After seeing what Rachel Banham achieved last season, Shayne Mullaney understood she could aim for the stars during her freshman season with the Gophers. Banham, her former AAU teammate, started all 36 games and became the Big Ten freshman of the year while leading the Gophers in scoring.
Banham's success inspired Mullaney to expand her own ambitions. Still, she wasn't expecting to become a starter after eight games. As the Gophers begin the Big Ten season at Michigan State on Thursday, Mullaney has claimed a place in the starting lineup alongside her friend and mentor, sharing point guard duties in an arrangement that has surprised her as much as it has delighted her teammates and coaches.
Mullaney made her first start Nov. 29 when Mikayla Bailey -- a freshman who had started the first seven games -- was sidelined because of mononucleosis. In seven games since then, Mullaney has averaged 9.9 points, including a career-high 18 against Robert Morris on Dec. 9.
Mullaney's confident and steady play also has energized Banham, who is averaging a team-high 21.4 points per game. Mullaney's ability to bring the ball up the floor and run the offense has taken pressure off the Gophers' sophomore star and given Banham opportunities to score from the wing.
"It made me so excited to see how well Rachel did as a freshman,'' said Mullaney, who scored a school-record 1,462 points in her high school career at Eden Prairie. "That made me dream big and want something like that for myself.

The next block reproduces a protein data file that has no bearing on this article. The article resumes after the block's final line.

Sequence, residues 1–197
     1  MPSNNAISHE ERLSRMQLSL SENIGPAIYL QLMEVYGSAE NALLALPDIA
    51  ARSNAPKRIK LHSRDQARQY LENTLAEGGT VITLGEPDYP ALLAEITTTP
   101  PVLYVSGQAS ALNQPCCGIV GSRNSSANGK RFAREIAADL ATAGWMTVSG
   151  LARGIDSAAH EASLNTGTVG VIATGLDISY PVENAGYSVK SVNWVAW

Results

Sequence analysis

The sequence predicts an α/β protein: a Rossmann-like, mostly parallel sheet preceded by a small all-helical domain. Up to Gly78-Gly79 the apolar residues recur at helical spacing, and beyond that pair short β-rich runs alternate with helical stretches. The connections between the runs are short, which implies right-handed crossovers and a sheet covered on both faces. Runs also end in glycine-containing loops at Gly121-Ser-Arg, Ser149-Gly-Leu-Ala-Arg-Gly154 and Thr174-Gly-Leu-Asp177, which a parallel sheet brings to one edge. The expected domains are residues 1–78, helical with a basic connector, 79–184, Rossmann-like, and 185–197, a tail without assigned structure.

"You want to reach high for goals, but honestly, I didn't think I'd be starting as a freshman. It's a dream come true, and it's kind of surreal. It makes everything a lot more fun.''
Gophers coach Pam Borton said she never knows what her freshmen can handle until she sees how they deal with the responsibility given to them and how they adapt to the demands of college basketball. She's been impressed by Mullaney's unflappable nature and willingness to take on whatever is asked of her.
"We've asked Shayne to do more than we've asked any freshman to do,'' Borton said. "We're tough on her, and we have a lot of expectations for her. And she's doing it all very well. Very few times do you see signs of a freshman out there on the floor.''
From the start of the season, Borton expected Mullaney to play plenty of minutes and give Banham relief at point guard. Banham typically begins games at that position, then she and Mullaney will trade off as situations warrant. Mullaney is averaging 27.4 minutes per game, third most on the team, and her 46 assists are second to Banham's 64.
After watching Banham last year, Mullaney said, she worked tirelessly over the summer to prepare for an impressive debut herself. She has strived to limit her turnovers and improve her defense; her next aim is to increase her scoring (7.1 ppg).
Banham has lent her plenty of advice. Last year, she said, she struggled in her first games against the bigger, stronger and faster opponents in the Big Ten. Mullaney will face the same tough adjustment, but Banham said her play thus far has prepared her well.
"She's playing great,'' Banham said. "You can see her confidence grow every game.''
Borton also said Wednesday that she likely will redshirt Amanda Zahui B., who arrived on campus Dec. 25 and began practicing two days later. Zahui B., a 6-5 freshman center from Sweden, could not start the season with the team because she did not receive clearance from the NCAA Eligibility Center in time. Borton said she would prefer to redshirt Zahui B. to give her time to adjust.